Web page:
Another G8 summit passes and the same old hot air emerges from the talks where leaders agree that something has to urgently be done about the eurozone crisis.
But the only thing that is agreed is some more meetings in the coming weeks, where further discussions can be had about the never ending troubles in the world’s largest economic block.
The main thing though to come out of this weekend’s talks was the increased pressure on Germany to accept the idea of a Eurobond. The creation of such an asset would not be the only solution needed to resolve Europe’s woes, but it would certainly go someway to calm the waters. The major issue with this is that it would have to come with major strings attached in order to avoid the peripheral states going on a Eurobond issuing spree, precisely the opposite of what Germany has been trying to prevent by instilling some sort of fiscal discipline into the region. The other stumbling block is that Chancellor Merkel is simply not going to allow it because if she does make Germany the back stop behind a Eurobond, ultimately having to pay for the PIIGS profligacy, she will most likely lose power when it comes to the Germany general election in a year and a half’s time. If there’s any one thing that political leaders really hate, it is losing votes.
The markets have commenced will a little spring in their step this morning with the FTSE up by some 15 points at the time of writing as polls in Greece suggested that there’s a chance a pro-bailout coalition might be formed in just under a month’s time. But we’ve seen this all before in recent weeks with the bulls looking like they are just about to take control of matters and push the market higher, only for it fizzle out quickly. Support is seen at 5235 and 5185 meanwhile the downtrend is capped by the upper downward trend line which comes in at around 5300. Other resistance is seen at 5360, 5435 and 5490.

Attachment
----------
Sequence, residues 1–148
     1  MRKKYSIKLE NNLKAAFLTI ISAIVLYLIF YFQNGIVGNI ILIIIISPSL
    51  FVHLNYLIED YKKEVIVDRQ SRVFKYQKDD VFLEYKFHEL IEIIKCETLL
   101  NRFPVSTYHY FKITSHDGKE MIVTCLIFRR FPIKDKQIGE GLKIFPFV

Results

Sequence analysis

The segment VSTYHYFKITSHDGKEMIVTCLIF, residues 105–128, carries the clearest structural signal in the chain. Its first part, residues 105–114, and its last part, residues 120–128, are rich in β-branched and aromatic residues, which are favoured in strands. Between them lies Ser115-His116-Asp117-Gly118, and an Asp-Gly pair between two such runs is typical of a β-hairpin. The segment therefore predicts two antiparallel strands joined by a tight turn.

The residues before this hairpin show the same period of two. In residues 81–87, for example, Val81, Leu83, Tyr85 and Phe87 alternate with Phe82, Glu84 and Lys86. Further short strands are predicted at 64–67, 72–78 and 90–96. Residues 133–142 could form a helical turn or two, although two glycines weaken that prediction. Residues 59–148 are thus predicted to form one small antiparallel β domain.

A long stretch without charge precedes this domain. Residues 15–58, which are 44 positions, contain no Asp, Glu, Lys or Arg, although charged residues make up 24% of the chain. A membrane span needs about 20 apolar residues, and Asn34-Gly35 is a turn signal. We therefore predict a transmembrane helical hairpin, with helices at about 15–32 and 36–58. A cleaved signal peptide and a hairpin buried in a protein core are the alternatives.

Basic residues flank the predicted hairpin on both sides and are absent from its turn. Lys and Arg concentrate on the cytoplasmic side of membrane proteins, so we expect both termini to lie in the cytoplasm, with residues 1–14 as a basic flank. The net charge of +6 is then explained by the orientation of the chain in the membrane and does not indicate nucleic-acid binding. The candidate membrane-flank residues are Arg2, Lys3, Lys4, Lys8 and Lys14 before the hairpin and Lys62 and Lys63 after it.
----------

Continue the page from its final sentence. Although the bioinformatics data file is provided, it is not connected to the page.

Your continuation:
There’s nothing in the way of any meaningful economic data out today, but things get a little more interesting as the week goes on. Inflation numbers are out tomorrow, then retail sales and the BOE minutes on Wednesday, and then the second reading of Q1 GDP on Thursday. All in all a quiet week on this front as nothing is released on Friday so we’ll continue to focus on the next summit and developments in Greece.
Amid ongoing turmoil in the Greek political arena, some reports mentioned fresh support for a conservative party which entertains the idea of remaining in the euro area. In addition, European leaders seem determined to hold the Union together which includes Greece. So the euro was able to take a breather on Friday recovering 97 pips to $1.2778, but it will take a lot more to overturn that abrupt downtrend. So far this morning has already seen a bit of strength with EUR/USD at 1.2780.
Gold continued its rebound last Friday, gaining $18.73 to $1592.90 as bargain hunters were again present in the market. By and large the reason behind the rally was a weaker greenback making the dollar denominated gold look cheaper. It’s also possible that some investors took a second look at Fed’s choices and decided that QE3 is still a possibility.
It did not matter too much that the US dollar was under pressure last Friday which usually tends to support crude oil prices. It was rather the continued weak fundamentals picture in the US that dominated the energy sector already spooked by fears that oil demand in Europe faces even bigger challenges. As a result WTI crude prices fell another $1.38 to $91.48, but not before touching $90.93, the lowest point since Nov 3rd last year.